If you’re like me, then you’re probably only motivated to code when there’s huge benefits to be gained from it. Don’t get me wrong, it can be fun to learn new things and solve problems. But this stuff is hard.
I don’t just play around with functions and experiment with new computer languages for the thrill of it. And I’m not anywhere near being formally trained as computer programmer, developer, computer engineer, computer scientist, or any other fancy title out there.
However, I do love the thrill of a script that makes my life easier by automating repetitive tasks. And I am technically inclined.
Especially when it involves making a profit. I’m not ashamed to admit it: when it comes to working, the profit motive is one of the most compelling things out there in my book.
Anyway, it was in the spirit of capitalism that I wrote my first few “official” scripts (in real computer languages). First, were the scripts that I wrote using a combination of Python, Selenium, BeautifulSoup, and Scrapy spiders for a web scraping project.
The idea was to collect huge volumes of business contact info from online directories (like the Yellow Pages) so that I could send them mail and advertise my products at low costs but with high relevance, thanks to the detailed targeting I was able to do.
The Selenium web driver allowed my script to navigate through the internet, where I could then use my web scraper to copy the info from the website into Excel files. From there, I could use my formidable Excel Ninja skills to manipulate and sort it into convenient tables. Win!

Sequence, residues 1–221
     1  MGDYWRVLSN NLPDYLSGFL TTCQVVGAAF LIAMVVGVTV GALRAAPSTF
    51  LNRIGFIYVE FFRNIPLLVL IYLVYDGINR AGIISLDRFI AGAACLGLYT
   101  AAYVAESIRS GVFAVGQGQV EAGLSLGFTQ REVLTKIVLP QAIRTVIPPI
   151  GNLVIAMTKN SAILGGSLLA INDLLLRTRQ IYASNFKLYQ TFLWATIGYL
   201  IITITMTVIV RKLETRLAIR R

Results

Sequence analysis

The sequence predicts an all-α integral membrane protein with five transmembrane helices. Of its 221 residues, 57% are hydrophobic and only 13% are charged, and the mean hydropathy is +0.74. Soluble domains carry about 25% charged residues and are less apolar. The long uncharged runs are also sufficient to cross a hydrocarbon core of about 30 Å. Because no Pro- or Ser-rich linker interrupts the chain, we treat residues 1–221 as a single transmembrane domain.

… Becomes Loss #1
Unfortunately, although my scrapers did their jobs beautifully I never got around to writing the code for rotating IP addresses so that I could avoid detection by the webmasters. As a result, they eventually blocked my IP address – probably for slowing down their website or corrupting their analytics with my crawler bots. It was fun while it lasted!
I still scrape, but instead of configuring my own IP address rotation script or creating custom code for each new website I visit, I pay for a service that does all of this for me. Technically I could probably do it myself in a few weeks or months, but time is money. And if automation code has too many exceptions and special cases to consider, sometimes it’s best left to the pros. That’s why they get paid.
The next project I did was intended to be a favor for some salespeople I knew. Basically, I wrote a script to upload contact phone numbers from an Excel file that would then go into Gmail’s Google Voice phone app and make call. It was basically going to be robo-calling enabled with the help of my old friends Selenium and Python.
I would set a 5 second delay after the call ended that would allow the sales rep to prepare for the next call. And then they’d just be rolling down the list nice and easy. Unfortunately, I soon discovered that Gmail had a randomly generated code that appeared for each call.
Since I couldn’t possibly know what the code would be, I couldn’t direct the web driver to get me into the phone’s keypad to dial the number. It sounded great in theory, but I quickly learned that I was no match for the geniuses at Google. It was an admirable effort, but I had to shelf that project and move on after about a week of sleep-deprived nights. I learned a lot, and I also developed a high pain tolerance. But it was a Loss.
Technically, this puts my record at 1-1-1 since a win-loss combination is kind of a draw. Not a bad start, I guess. The experience has to count for something, right?
What’s next for me? Who knows, maybe I’ll get into APIs or data science or something else cool and interesting. But remember, nothing’s going to happen until I’m actually inspired and motivated. As they say, money talks!